Muscat: Oman’s health sector has made great strides over the last thirty years, revealed the Ministry of Health’s annual report for 2018.
There were 21 doctors and 43.7 for every 10,000 people in 2018 compared to nine doctors and 26 nurses for the same amount of people in 2020.
Currently, the nurse-doctor ratio in Oman is 2.2 in 2018.
According to the report, the public sector accounts for 69 per cent of the total health staff in Oman.
The private sector accounts for 26 per cent of doctors, 75 per cent of dentists and 74 per cent of pharmacists in the country.
The percentage of Omanization in the health sector has reached 71 per cent in MOH and 11 per cent in the private sector.
At MOH, there has been an increase in medical staff in 2018 compared to 2017; doctors have increased by 5.3 per cent, pharmacists by 3.6 per cent, laboratory technicians by two per cent, and nursing staff by 0.17 per cent.
The rate of Omanization among doctors increased from nine per cent in 1990 to 41 per cent in 2018 and nurses from 12 per cent in 1990 to 62 per cent in 2018.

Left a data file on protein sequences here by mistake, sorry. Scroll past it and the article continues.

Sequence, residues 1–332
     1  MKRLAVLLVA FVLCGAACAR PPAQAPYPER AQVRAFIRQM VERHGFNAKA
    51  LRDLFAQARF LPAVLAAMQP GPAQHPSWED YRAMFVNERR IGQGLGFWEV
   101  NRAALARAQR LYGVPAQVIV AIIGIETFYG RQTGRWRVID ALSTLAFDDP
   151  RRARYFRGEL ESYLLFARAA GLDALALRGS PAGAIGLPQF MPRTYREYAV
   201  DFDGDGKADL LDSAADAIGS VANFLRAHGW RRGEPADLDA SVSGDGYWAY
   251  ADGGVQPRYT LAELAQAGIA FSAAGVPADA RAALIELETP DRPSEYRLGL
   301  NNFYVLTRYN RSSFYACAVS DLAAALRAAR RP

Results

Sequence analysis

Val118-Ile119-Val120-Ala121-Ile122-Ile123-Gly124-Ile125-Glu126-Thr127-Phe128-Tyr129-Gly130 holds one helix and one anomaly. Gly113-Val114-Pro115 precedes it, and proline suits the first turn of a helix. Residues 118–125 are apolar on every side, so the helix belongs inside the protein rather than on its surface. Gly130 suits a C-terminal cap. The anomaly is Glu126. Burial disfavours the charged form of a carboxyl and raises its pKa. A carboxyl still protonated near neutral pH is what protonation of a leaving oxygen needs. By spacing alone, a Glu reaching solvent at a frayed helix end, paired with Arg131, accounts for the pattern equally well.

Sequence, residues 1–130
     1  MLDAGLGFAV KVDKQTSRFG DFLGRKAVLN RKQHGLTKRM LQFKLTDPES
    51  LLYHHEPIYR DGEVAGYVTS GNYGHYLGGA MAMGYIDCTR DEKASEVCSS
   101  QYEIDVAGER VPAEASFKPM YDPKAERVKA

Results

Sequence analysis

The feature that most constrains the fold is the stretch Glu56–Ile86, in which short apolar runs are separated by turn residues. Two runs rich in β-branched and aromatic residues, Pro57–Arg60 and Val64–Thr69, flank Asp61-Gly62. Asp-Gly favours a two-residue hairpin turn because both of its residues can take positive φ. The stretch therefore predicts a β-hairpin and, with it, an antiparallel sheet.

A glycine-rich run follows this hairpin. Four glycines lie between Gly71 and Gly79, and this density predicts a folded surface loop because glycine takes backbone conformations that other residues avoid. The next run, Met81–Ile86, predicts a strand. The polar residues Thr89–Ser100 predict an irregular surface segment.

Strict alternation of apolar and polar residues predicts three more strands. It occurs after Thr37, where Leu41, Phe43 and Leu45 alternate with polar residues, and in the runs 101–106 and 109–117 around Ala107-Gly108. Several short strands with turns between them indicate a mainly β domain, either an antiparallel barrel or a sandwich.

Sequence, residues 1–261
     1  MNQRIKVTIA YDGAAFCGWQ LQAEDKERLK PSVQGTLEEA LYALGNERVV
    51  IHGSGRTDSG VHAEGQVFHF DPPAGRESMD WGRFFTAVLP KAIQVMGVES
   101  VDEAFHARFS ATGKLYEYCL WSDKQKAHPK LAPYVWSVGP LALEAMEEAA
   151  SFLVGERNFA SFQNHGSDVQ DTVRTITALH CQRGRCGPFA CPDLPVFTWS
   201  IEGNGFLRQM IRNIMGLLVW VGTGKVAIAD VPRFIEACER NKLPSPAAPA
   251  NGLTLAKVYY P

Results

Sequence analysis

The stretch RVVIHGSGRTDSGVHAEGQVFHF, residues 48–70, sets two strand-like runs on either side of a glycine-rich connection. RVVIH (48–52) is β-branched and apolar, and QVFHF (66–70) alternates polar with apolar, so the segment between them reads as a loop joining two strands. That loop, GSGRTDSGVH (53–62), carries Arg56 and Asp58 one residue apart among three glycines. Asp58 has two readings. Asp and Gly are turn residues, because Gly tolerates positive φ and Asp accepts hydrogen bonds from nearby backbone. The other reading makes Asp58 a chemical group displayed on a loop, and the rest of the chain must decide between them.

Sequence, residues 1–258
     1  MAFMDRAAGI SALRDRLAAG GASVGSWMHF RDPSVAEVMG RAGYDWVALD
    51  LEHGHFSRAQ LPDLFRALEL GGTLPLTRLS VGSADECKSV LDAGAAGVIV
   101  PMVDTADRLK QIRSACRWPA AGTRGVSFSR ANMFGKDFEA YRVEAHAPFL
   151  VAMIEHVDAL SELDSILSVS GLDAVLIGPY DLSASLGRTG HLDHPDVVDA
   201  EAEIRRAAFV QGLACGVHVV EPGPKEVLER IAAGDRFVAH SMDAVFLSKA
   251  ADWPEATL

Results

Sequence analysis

In the public sector, Omanization among doctors, dentists, pharmacists, and nurses collectively reached almost 57 per cent in 2018 compared to 55 per cent in 2017.
There are 25 private hospitals, 468 general clinics, 232 specialized clinics and polyclinics, 289 dental clinics and 51 Chinese and Indian clinics.
The number of private pharmacies is 672 in 2018.
In 2018, the number of manpower in private sector is 13,546 of which 1,138 are specialized doctors, 1,214 general practitioners, 1,048 dentists, 1,999 pharmacists, 4,072 nurses and 590 lab technicians.
The report confirms that the prevalence of diabetes mellitus in Oman has increased.
The National Health Survey of diabetes, which was conducted in 1991 showed that the prevalence that was 9.75 per cent, while the National Health Survey of 2000 showed prevalence increased to 11.6 per cent among adults over 20 years of age.
Of the 31,418 patients screened in 2018, 15.8 per cent have hypertension ‘140/90’ and 8.6 per cent had fasting blood sugar.
Out of the 6,729 diabetic new cases registered during 2018, females constituted 52.2 per cent.
Around 14 per cent of the cases registered were in the age group 40-44 years followed by the age group 45-49 years (13.9 per cent) and age group 50-54 years (13.2 per cent).
The total diabetic cases on the register at the national level are 94,92.